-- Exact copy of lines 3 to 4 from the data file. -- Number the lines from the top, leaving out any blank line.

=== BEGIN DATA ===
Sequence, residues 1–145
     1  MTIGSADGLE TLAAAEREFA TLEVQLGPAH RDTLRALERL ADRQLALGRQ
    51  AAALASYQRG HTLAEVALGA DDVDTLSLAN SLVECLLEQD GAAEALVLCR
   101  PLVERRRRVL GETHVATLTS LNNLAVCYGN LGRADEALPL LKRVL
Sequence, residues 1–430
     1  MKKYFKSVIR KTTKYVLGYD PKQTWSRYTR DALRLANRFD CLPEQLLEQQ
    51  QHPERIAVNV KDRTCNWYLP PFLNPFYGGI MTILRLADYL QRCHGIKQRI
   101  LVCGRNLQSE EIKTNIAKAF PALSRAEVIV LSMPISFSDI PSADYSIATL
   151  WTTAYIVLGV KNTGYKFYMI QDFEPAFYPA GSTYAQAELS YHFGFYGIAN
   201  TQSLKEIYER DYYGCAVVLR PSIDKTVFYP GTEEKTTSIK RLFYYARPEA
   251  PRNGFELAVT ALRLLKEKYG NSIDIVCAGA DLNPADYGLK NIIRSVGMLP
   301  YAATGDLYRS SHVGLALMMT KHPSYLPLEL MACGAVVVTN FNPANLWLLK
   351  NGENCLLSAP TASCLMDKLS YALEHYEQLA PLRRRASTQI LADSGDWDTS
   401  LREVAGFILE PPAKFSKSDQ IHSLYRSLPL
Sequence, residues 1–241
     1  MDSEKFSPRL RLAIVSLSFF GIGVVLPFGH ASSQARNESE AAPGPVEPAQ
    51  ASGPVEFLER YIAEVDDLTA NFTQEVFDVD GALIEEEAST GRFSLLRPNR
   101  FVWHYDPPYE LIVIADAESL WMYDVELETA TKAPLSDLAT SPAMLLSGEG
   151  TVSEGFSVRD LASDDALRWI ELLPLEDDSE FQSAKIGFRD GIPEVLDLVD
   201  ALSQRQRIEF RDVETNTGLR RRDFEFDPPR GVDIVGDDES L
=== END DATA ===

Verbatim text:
    51  AAALASYQRG HTLAEVALGA DDVDTLSLAN SLVECLLEQD GAAEALVLCR
   101  PLVERRRRVL GETHVATLTS LNNLAVCYGN LGRADEALPL LKRVL